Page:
John Charles, Clive Charles and Ade Coker all making first team appearances
in that period. In fact, it was Canning Town born and bred, John Charles
(Clive's elder brother), who was the trailblazer for black football talent
at West Ham in the contemporary era. He made his first team debut in May
1963 Vs Blackburn Rovers and was a regular up until 1971. In managerial
terms, it was Ron Greenwood who was a major pioneer in introducing black
talent in this country. In fact, in April 1972, Greenwood was the first
manager to select three black players for a league match. Clive Charles, Ade
Coker and Clyde Best all appeared in a 2-0 victory over Spurs. And of
course, it should be added that, Ron Greenwood later followed that up, as
the national Manager, by selecting Viv Anderson as the first black player
ever to appear for England. For all of the recognition of Greenwood as a
great coach and innovative thinker on the game, he never seems to get the
credit that he deserves in that one respect.

I do, however, remember disgraceful banana throwing scenes in a match at
Upton Park in the early 1980s, which was aimed at black players in the
opposing WBA team (i.e. Regis, Moses, Cunningham). While George Parris, in a
piece in yesterday's Independent, reminds us that in the 1980s he was also
subjected to banana throwing and other abuse, by opposition fans. In fact,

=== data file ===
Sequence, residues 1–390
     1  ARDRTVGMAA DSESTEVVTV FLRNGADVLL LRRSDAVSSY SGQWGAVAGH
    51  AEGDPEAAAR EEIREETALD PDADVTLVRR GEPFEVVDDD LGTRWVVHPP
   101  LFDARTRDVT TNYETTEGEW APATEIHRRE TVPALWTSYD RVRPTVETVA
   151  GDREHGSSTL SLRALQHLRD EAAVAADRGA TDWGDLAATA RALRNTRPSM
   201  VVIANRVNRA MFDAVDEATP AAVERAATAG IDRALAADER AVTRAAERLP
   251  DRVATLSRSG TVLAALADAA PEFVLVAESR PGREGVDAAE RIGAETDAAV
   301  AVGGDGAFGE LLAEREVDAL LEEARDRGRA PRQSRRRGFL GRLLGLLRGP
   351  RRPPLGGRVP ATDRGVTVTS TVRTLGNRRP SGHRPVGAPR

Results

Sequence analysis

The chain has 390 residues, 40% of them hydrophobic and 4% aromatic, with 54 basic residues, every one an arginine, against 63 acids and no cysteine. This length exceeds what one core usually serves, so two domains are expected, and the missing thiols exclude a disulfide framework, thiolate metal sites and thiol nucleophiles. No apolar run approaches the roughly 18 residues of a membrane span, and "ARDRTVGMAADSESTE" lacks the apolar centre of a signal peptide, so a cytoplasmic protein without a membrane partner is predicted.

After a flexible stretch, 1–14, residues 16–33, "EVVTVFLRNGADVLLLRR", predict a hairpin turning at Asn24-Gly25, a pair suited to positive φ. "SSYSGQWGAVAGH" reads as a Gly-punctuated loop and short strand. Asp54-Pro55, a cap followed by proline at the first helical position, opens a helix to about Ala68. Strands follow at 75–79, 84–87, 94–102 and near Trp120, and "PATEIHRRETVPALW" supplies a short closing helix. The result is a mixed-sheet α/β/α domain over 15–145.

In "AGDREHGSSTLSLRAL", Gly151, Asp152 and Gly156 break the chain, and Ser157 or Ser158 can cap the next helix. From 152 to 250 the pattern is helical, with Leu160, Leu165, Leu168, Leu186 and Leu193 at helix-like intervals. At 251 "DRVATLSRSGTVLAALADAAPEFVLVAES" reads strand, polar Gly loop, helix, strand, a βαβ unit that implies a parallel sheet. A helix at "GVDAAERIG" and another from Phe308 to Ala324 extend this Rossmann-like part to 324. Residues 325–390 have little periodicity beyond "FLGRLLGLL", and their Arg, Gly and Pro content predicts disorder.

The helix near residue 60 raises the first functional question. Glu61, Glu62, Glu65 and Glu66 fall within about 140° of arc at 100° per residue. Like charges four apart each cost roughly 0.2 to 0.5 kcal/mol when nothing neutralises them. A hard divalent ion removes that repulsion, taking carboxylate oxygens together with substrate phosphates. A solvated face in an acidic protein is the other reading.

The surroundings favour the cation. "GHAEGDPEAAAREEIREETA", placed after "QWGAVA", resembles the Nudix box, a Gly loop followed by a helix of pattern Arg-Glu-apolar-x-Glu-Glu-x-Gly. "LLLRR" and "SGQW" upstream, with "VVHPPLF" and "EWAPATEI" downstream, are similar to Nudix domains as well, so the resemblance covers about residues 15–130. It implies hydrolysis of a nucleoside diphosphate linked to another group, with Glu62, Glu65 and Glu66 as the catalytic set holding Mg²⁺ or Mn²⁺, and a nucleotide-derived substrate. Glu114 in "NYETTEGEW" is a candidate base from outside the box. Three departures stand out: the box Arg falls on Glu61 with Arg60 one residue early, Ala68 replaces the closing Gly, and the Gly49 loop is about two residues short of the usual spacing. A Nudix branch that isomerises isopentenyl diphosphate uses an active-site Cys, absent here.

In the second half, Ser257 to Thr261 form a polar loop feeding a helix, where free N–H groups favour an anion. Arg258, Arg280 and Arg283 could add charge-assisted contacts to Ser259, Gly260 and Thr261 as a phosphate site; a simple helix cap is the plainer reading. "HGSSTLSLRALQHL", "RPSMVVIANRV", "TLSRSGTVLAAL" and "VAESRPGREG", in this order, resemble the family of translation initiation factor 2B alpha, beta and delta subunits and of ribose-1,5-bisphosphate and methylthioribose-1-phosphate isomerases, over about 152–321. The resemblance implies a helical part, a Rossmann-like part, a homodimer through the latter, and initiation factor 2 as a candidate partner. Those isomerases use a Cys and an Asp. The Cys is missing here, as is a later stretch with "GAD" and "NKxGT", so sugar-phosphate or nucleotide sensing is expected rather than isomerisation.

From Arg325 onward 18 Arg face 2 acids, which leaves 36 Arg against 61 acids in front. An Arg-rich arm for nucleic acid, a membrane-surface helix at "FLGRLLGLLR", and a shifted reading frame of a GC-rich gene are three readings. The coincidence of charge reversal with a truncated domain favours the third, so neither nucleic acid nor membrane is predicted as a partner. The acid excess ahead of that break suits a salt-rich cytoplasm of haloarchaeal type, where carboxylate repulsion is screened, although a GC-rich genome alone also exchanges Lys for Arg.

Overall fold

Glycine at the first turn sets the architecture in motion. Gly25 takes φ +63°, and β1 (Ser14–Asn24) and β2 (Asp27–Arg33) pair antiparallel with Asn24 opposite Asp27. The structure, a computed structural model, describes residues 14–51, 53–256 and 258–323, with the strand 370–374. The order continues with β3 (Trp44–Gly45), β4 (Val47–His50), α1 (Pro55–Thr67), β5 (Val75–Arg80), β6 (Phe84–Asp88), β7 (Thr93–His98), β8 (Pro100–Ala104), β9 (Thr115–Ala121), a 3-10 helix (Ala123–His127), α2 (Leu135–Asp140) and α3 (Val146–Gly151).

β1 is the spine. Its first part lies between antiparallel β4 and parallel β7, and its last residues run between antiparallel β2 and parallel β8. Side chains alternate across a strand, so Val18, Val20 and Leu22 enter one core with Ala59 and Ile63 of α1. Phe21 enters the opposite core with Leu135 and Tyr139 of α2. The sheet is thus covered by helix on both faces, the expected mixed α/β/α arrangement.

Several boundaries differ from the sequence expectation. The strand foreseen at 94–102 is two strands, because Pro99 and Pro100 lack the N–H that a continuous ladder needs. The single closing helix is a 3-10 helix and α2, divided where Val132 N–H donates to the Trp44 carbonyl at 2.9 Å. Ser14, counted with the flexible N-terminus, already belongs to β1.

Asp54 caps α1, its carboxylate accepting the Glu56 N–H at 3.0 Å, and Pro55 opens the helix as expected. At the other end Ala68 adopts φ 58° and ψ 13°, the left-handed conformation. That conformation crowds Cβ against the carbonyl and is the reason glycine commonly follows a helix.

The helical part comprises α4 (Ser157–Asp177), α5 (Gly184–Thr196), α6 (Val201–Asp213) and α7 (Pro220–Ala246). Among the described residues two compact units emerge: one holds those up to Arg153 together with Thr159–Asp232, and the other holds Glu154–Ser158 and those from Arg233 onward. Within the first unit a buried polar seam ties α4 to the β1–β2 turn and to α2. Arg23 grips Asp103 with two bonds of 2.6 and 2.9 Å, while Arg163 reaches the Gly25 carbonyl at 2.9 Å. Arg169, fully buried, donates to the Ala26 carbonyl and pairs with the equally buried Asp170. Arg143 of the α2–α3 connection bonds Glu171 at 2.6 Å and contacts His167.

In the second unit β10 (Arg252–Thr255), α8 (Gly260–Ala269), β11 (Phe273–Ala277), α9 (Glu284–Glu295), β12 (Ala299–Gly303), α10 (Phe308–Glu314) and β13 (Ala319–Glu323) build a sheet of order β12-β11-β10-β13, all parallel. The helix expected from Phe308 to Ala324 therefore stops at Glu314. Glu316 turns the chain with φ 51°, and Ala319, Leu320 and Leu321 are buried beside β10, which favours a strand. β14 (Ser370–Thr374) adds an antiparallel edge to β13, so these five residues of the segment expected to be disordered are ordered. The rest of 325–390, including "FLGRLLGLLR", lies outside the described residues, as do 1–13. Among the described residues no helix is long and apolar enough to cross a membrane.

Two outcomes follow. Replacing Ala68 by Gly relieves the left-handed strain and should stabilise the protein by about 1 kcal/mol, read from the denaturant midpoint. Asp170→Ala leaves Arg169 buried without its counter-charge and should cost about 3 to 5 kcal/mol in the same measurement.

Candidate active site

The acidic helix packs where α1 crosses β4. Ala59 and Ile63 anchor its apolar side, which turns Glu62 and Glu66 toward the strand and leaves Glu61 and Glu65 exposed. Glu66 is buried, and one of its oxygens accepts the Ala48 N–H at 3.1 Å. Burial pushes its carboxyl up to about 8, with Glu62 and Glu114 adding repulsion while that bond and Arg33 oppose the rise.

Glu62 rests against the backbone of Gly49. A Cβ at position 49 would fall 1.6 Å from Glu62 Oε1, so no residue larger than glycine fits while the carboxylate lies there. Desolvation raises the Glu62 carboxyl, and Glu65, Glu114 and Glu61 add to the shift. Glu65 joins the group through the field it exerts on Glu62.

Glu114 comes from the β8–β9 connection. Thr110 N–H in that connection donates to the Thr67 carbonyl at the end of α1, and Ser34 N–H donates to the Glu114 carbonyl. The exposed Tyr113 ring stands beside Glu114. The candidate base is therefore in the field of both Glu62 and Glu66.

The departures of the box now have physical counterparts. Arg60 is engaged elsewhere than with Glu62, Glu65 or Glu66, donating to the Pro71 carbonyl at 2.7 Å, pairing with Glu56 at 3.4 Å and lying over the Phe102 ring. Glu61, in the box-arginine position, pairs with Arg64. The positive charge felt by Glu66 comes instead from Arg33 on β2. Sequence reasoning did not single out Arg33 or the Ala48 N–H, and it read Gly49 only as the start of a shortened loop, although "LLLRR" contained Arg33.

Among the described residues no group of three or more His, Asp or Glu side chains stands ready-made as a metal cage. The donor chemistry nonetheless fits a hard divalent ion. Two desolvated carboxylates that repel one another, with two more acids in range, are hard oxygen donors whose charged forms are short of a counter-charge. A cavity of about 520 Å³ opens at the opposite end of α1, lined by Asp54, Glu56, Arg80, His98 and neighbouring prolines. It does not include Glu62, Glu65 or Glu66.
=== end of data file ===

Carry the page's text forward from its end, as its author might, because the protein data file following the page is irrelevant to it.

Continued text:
there was an particular incident at Upton Park when George responded in
exactly the same way as Alves (only 30 years earlier) to opposition fans
throwing bananas at him and, by doing so, showed both disdain for racism and
rallied the Hammers crowd in support of him. Unfortunately, in a far less
'connected' decade, George's inspired response did not go global, but it did
(in a local way) help shape positive attitudes at Upton Park, isolate the
racists and encourage young players, like Matthew Rush, who were there to
witness it.

So, am I right in thinking that Ms Brady's informants are mistaken when they
told her that Clyde Best was on the end of such treatment? If they are, then
it would be nice if that mistake could be acknowledged. In doing so, there
are undoubtedly other incidents/episodes in the past that we do need to
confront (i.e. the aforementioned treatment of the WBA players); as well as
recognising the positive contributions that West Ham Utd have made to
promoting racial equality in the English game. Like, for instance, the fact
that the first ever black player to appear for the club was Fred Corbett in
1899-1902! Plus the pioneering innovation of Ron Greenwood in introducing
black football talent in the 1960s & 1970s and other subsequent positive
progress made by the club.